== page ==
Stefano Marino;
2021

Abstract

Emotions, feelings, and, generally, the whole sphere of affectivity make up one of the most fundamental elements of human life, and also play an essential (although sometimes problematic) role in art and aesthetic experience. In this regard, let us simply consider this: on one hand, it is certainly possible to think and talk of something like a “common world” in terms of sensations shared by all human beings; on the other hand, if we focus on each individual’s emotions and feelings, and the way the latter often condition our perception of the real, this same notion becomes somewhat ambiguous. If this is true concerning our experience of the world in general, it is even truer and clearer in the specific case of our experience with art. Reflections on the fundamental role played by affectivity in the whole realm of human experience leads us to recognize, for example, that every experienced object, apart from its purely factual properties, presents some “splits” into which the subject fits, so to speak—specifically, to recognize (following Merleau-Ponty) that our description of reality, even as it appears in perceptual experience, is always full of “anthropological predicates.” This becomes fully apparent if we consider such experiences as fantasizing and dreaming (or, in a more radical and even dramatic way, certain psychological pathologies in which the subject’s “private world,” especially influenced by his/her emotions and feelings, sometimes almost completely eclipses evidence of what we conventionally consider “real”), and also applies to a great extent to art and aesthetic experiences of different kinds. From Plato and Aristotle to modern and contemporary times, philosophers have always assumed a close connection between art and what we may call the realm of affectivity (passions, feelings, emotions), sometimes also developing forms of skepticism and suspiciousness towards them as supposedly non-rational or irrational components of human life. However, throughout the history of philosophy there have always been also other voices, so to speak, that have proposed to think about affectivity, feelings, and emotions in a different way, leading to identification with emotional and even instinctual aspects, such as that of the feeling of horror, no less than with the obscure origin of the brightness of ancient Greek culture and art (Nietzsche), or to acknowledgment of the undeniably powerful and indeed constitutive role of “attunement” and “mood” in human existence (Heidegger), or to the proposal for the rediscovery and rehabilitation of the specific “intelligence of emotions” (Nussbaum). Of course, philosophical reflection on affectivity, with a specific focus on its role in the aesthetic dimension, can also lead to questioning of the validity and appropriateness of categories such as “rational” and “irrational” that we sometimes tend to use in an easy, unproblematic, and somehow dualistic way, both in everyday language and in philosophical discourses. In fact, it is a widely shared and quite common belief that our feelings and emotions (or at least some of them) are irrational, but it is also true that many philosophers and especially artists (poets, novelists, composers, painters, performers, etc.) have shown that it is often very difficult to simply draw a line sharply differentiating between the rational and emotional components of our knowledge, inasmuch as the affective component is not at all marginal in the general economy of our convictions and beliefs.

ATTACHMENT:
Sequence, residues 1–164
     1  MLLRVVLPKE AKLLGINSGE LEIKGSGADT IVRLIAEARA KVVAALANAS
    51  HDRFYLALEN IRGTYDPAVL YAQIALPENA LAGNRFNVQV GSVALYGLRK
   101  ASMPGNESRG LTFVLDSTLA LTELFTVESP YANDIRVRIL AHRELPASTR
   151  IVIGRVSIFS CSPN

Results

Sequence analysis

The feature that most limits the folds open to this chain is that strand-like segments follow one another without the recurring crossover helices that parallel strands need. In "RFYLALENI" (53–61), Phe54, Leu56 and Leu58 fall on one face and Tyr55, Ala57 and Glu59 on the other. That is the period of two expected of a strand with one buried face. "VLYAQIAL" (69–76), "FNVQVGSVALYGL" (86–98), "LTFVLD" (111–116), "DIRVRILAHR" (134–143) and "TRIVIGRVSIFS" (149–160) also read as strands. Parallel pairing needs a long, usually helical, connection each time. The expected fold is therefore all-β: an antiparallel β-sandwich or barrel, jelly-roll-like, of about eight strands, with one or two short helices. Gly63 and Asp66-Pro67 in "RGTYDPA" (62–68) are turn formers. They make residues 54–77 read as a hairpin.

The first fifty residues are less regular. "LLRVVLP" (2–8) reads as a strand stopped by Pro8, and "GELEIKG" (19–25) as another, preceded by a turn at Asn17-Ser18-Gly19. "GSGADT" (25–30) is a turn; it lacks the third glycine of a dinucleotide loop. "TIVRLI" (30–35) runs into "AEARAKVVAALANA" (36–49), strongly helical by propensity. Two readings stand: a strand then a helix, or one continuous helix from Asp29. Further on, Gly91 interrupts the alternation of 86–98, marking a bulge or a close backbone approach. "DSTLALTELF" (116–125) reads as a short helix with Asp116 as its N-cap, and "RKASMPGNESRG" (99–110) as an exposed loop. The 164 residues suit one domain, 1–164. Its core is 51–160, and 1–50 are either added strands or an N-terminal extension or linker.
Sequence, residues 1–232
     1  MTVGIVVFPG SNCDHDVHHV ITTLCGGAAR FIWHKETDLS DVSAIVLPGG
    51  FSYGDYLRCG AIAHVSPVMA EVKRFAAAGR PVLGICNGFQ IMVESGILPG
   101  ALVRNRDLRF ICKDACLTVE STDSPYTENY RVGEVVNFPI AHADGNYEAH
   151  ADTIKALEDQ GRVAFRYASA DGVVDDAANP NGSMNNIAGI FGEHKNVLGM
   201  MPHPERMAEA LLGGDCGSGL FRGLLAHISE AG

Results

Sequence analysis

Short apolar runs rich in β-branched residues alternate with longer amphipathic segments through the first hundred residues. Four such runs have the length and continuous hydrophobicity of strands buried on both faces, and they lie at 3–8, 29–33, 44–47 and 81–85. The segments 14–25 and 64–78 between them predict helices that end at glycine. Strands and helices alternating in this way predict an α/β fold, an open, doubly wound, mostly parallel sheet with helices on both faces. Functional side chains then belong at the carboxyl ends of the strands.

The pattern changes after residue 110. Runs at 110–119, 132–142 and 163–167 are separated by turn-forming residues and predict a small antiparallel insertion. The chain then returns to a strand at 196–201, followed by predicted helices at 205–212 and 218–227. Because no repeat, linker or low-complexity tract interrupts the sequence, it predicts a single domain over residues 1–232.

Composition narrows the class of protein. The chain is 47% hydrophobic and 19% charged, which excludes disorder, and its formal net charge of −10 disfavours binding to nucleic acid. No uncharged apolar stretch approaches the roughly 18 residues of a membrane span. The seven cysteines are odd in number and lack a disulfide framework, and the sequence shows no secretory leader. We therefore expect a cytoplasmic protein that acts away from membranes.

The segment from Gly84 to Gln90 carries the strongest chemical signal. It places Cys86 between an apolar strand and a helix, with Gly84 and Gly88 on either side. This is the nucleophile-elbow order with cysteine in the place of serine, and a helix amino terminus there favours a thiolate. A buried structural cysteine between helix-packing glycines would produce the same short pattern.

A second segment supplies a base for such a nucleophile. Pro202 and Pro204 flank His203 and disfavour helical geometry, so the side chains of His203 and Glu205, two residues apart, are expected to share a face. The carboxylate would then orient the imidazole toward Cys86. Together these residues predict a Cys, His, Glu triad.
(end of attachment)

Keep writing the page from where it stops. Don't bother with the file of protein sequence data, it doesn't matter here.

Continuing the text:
134
THE POLISH JOURNAL OF AESTHETICS
Laura La Bella; Stefano Marino; Vittoria Sisca